- Advertisement -

How to take good pictures in bad light ?


Everyone who has been in photography for a while knows that lighting is an essential detail and a game-changer for the final result. Photographers consider the golden hour and blue hour as the most beneficial parts of the day, however, their longevity is rather limited, which creates the necessity to look for other ways to find good light. How to find vividness on an overcast day, and not have light spots on a sunny-lit day? Let’s dive right in.

1. Editing Software

The quickest way to deal with the problem of light is to use editing software. Such an experience doesn’t require any specific knowledge of photography and offers ready-to-use solutions for all your ideas. Besides, they have a variety of other editing options like the usage of statuses by VistaCreate for messengers, video editing for Facebook, TikTok, and Youtube, templates for Instagram posts, etc. Such variability will save you time in the further editing process, as everything can be found in one place, which is pretty convenient. 

2. Use Your Camera in Manual Mode Exposure

Many beginners prefer auto mode, as the automatic choice of the settings helps to focus specifically on the object of the photo. However, Manual Mode is much more beneficial, as you can set a perfect exposure by correcting the shutter speed, aperture, and ISO:

Shutter speed 

Defines how much light is let onto the camera sensor – the bigger the number, the less light will be there. A shutter speed of 1/200, respectively, will result in a darker photo, as there will be less light; 1/10 will create a brighter image, letting more light onto the sensors. Less light will make a clear picture, while more – quite blurred motion. 


The aperture controls the amount of light as well, changing the size of the opening, which lets the light in. It is measured by f-stops (focal length). The smaller the number, the bigger the size of the hole, and therefore, more light in.

For example, f/11 will give a small hole, less light, and a darker image;  f/1.2 – a larger hole, with more light and a brighter image.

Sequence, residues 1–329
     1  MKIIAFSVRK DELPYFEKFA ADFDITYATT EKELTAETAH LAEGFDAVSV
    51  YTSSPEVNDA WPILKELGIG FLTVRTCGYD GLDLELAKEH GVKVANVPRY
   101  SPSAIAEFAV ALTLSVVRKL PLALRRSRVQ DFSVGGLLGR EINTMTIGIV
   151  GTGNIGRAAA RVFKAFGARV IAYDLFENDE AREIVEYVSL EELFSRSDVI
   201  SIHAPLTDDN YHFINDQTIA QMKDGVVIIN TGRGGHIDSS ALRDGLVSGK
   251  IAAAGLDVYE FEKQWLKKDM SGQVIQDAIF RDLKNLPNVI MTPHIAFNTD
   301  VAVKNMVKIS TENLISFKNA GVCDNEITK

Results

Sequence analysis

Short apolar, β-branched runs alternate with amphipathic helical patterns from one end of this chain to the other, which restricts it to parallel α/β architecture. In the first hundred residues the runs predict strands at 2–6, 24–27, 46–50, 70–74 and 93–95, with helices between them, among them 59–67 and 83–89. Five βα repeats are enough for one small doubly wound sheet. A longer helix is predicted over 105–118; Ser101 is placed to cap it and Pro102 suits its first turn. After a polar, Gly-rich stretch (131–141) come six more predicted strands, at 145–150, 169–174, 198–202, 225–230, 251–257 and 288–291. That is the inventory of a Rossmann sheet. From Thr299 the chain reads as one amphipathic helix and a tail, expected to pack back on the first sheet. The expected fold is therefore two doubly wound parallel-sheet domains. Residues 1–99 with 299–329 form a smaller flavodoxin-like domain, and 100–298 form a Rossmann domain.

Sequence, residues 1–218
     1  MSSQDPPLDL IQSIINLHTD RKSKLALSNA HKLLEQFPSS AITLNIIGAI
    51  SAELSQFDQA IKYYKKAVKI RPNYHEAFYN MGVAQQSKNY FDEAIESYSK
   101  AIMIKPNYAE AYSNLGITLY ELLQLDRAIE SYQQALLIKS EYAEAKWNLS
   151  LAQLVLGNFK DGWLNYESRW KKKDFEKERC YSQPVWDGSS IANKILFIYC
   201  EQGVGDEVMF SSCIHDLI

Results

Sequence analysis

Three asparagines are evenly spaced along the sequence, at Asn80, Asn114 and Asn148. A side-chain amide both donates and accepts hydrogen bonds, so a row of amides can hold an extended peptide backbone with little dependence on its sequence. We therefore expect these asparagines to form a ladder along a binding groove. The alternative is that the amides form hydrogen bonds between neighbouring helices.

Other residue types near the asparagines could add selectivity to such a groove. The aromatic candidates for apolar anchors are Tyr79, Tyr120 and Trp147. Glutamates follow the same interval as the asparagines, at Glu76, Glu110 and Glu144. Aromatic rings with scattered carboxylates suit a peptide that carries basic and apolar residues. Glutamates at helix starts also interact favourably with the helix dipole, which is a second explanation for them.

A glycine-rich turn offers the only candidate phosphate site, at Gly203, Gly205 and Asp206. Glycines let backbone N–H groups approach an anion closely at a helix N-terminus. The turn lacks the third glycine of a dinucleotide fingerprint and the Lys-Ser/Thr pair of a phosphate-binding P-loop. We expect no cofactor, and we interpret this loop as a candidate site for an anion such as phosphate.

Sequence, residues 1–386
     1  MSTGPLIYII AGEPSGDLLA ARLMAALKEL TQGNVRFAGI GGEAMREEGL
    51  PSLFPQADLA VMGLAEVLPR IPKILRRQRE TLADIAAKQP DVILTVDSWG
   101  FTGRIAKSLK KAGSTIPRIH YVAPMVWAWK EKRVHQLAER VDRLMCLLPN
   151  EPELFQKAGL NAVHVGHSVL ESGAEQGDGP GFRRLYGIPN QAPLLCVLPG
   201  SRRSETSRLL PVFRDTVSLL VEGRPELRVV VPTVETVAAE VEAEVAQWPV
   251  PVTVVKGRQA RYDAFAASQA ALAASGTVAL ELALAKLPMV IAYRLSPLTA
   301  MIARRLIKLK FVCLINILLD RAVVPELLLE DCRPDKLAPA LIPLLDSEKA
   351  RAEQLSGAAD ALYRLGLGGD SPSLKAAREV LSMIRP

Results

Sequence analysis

The final component of the exposure ‘trinity’ which influences the brightness of the image. Unlike the two above, it is measured in full numbers. The higher the number, the brighter the picture, and the more graininess. 

For example, ISO 100 will give a darker picture and better quality, with less noise.  ISO of 3000 will give a bright image, more noise, and higher quality. 

2. Fill flash

Is a helpful technique every time the background is brighter than an object in the photo. It brightens deep shallow areas, bringing more color and light to the front part of the photo. Using the fill flash you can get rid of harsh shadows and bring the object into focus. 

How to take good pictures in bad light

3. Use a reflector

If you are shooting on a sunlit day, or against a strong backlight, you may need a reflector (better a portable one) to reflect light into the shadow of the object. There is no set-in-stone positioning for the reflector, however, it’s mainly lower than the chins, to direct light onto the face. The angle can be changed, according to your vision and needs. 

4. Move your subject

If there’s no fixed place, try to find a different spot, even just across the room, or a few steps aside. If the shooting is in the room, the best place may be near the window, or at least, better than in the other parts. If you are outdoors, with a bright light, you may need to find the shade and the reflector (or a fill flash) to bring some light onto the front. 

5. Use a tripod

Tripods are beneficial for shooting at night or the poorly lit rooms. They allow you to lower the shutter speed, thus, you can catch more light. While with a hand-hold you need to stay above 1/60 a second, a tripod-hold allows a more extended period of time. 

6. Use filters

Filters aren’t obligatory, yet they can make a difference in the non-optimal conditions:

  • Polarized filter  –  reduces reflections and haze; makes blue skies look dark and saturated.
  • Neutral density filter – slows down the shutter speed, so you can catch the clouds and water movement. and take advantage of moving water or clouds.
  • Graduated neutral density filter – used for too bright back- and foreground; it darkens the lit area and balances the scene.

7. Turn to a black-and-white style

With high contrast and harsh light, or on a gloomy day, you may turn to black-and-white images. With such a color scheme the shadows and brightly lit area turn out to be beneficial. Besides, such a classy look photo is always beyond reproach. 

Bad lighting is one of the working conditions photographers inevitably face during their work. It’s important to know the ways to reach a desirable effect under any lighting conditions. With properly chosen editing programs and carefully selected tools, you will always reach the top level of proficiency.

- Advertisement -